President Xiomara Castro and her husband, Mel Zelaya. (AP)

President Xiomara Castro and her husband, Mel Zelaya. (AP)

LatAm in Focus: Can Xiomara Castro Take Control of Honduras' Reins?

By Chase Harrison

Journalist Jeff Ernst says two former presidents have hogged the spotlight during the new president’s political honeymoon.

Latin America is no stranger to outspoken leaders, but Xiomara Castro, Honduras’ new president, doesn’t fit that mold. Her election in November 2021 attracted attention, given that she won against the established National Party to bring the Honduran left back to power for the first time since the 2009 coup that ousted her husband, Mel Zelaya. However, since taking office about 100 days ago, Castro has engaged in a quiet style of leadership—and found herself overshadowed by two former presidents.  

Jeff Ernst
Jeff Ernst

“She hasn't been particularly visible during these first three months and, and that's what's fueling these rumors and speculation that Mel’s pulling the strings,” says Jeff Ernst, a freelance journalist who covers Honduras. He spoke to AS/COA Online’s Chase Harrison about how the new president is faring, the status of the extradition of former president Juan Orlando Hernández, and Castro’s place in regional political dynamics.

“This isn't your average government transition. This is a transition that comes after 12 years of absolute control in one party.”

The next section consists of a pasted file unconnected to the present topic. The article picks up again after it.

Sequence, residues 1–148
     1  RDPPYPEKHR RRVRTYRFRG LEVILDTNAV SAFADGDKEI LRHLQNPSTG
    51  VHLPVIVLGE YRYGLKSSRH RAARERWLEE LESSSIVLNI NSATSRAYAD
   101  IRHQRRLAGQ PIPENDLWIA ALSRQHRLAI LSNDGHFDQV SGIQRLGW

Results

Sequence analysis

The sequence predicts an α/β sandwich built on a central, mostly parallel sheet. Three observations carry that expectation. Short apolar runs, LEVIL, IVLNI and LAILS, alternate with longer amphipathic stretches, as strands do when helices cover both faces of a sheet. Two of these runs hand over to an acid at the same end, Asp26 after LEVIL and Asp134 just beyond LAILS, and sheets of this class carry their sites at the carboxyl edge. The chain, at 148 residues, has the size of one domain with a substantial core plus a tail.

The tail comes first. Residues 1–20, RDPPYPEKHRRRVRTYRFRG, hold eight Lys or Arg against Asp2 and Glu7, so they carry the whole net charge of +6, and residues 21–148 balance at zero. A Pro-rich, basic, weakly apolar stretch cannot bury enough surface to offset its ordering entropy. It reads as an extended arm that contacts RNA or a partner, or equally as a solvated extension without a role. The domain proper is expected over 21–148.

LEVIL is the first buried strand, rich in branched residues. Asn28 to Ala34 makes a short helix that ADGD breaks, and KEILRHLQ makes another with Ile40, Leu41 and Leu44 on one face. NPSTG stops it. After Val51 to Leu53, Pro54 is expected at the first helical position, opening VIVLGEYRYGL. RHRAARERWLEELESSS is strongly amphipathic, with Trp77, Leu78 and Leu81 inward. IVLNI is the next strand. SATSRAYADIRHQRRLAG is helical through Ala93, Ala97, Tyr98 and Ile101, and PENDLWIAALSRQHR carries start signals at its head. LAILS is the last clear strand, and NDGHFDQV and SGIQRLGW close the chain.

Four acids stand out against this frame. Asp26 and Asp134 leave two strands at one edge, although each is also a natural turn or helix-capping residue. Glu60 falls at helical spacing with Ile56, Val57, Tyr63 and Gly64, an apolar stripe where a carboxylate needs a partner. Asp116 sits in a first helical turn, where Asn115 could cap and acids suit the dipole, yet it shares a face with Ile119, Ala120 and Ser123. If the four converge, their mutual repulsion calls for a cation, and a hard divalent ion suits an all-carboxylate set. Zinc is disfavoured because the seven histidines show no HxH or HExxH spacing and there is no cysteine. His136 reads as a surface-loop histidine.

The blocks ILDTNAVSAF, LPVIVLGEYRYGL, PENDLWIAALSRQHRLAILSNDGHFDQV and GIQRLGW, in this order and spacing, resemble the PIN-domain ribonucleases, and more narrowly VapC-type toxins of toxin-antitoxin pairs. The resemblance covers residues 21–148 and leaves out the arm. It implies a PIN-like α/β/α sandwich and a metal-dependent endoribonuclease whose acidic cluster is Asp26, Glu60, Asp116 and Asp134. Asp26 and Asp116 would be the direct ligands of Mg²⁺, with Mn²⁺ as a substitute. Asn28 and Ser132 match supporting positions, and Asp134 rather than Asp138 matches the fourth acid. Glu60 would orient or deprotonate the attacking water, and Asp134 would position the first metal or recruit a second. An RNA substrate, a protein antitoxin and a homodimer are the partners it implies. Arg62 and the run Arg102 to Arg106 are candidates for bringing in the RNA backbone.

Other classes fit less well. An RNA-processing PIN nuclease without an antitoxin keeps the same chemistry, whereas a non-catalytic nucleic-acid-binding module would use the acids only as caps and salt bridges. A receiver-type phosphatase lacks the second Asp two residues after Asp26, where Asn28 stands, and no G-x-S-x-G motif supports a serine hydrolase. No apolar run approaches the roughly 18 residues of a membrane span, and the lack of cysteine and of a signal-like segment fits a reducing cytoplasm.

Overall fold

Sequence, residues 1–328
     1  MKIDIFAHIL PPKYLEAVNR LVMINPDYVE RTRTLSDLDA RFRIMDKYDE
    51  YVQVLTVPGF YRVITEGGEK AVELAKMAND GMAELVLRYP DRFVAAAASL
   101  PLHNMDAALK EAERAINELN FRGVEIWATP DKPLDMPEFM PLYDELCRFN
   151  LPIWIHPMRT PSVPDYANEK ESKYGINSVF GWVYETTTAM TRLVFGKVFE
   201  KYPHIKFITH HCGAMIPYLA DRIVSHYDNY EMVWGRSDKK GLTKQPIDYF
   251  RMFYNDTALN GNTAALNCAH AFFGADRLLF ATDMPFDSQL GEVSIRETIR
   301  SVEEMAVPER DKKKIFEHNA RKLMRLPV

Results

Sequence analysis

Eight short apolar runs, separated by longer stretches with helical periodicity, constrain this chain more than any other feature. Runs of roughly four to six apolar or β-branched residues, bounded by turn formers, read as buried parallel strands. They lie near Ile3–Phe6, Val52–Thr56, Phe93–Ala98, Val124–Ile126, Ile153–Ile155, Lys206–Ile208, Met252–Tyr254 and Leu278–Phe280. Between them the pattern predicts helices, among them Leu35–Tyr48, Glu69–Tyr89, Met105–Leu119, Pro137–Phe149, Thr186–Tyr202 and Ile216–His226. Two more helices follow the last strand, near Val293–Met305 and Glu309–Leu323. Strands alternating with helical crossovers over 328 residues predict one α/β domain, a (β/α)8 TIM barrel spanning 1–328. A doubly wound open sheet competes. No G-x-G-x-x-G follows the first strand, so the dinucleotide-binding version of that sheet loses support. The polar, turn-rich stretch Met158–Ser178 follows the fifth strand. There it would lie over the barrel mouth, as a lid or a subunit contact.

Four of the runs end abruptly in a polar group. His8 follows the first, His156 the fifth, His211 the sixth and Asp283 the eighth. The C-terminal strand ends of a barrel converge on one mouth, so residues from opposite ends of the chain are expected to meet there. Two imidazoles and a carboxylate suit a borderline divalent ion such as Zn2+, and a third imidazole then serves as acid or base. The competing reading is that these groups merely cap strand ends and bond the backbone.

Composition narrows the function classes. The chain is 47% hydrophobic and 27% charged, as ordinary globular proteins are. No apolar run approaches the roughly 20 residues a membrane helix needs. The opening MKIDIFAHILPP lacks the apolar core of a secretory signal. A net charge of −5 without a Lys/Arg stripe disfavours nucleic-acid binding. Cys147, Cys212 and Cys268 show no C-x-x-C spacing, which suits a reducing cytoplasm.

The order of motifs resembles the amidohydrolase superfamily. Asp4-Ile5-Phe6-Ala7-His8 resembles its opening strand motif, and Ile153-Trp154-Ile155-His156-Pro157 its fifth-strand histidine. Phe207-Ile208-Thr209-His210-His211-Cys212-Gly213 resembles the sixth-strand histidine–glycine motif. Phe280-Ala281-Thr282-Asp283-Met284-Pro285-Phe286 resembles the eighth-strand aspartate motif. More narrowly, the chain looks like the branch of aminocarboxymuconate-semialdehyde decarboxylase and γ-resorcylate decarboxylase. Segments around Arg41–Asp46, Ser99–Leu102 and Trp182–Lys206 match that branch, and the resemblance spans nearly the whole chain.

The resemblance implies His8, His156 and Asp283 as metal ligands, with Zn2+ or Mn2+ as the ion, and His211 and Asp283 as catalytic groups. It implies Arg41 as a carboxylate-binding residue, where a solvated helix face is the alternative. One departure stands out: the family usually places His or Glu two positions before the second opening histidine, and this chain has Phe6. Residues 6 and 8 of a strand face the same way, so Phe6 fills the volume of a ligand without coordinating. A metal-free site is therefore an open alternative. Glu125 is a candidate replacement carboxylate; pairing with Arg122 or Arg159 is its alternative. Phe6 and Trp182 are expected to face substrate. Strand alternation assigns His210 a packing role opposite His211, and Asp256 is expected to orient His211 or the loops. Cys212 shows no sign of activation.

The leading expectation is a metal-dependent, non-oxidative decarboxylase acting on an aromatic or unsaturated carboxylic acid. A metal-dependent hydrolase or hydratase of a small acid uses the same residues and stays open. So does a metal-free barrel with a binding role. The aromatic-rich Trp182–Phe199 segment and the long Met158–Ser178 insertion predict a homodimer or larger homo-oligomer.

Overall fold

Castro has taken some steps regarding her campaign promises, such as putting an end to special economic zones and cleaning up government spending. Corruption, says Ernst, is an area where Castro could still score some major wins. “I don't think that there's much of an impediment there to Xiomara's administration taking important steps towards combating corruption in the country,” he said. “For the past 12 years, the National Party pretty much locked out the opposition from the corruption that they were committing.”

Ernst expressed optimism about Castro’s ability work alongside the United States on issues of migration. The Biden administration’s “root causes of migration” strategy has looked for friendly faces in Central America for partnership. As Ernst explained: “[U.S. officials] really pivoted towards Honduras. They see an opportunity to work with new actors. I think that a lot of Xiomara Castro's agenda is really in unison with a lot of the Biden administration's objectives for the region.”

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Jon Orbach produced this episode.

The music in this episode is Honduras' Aurelio Martínez performing at the Americas Society. Watch a video of his performance: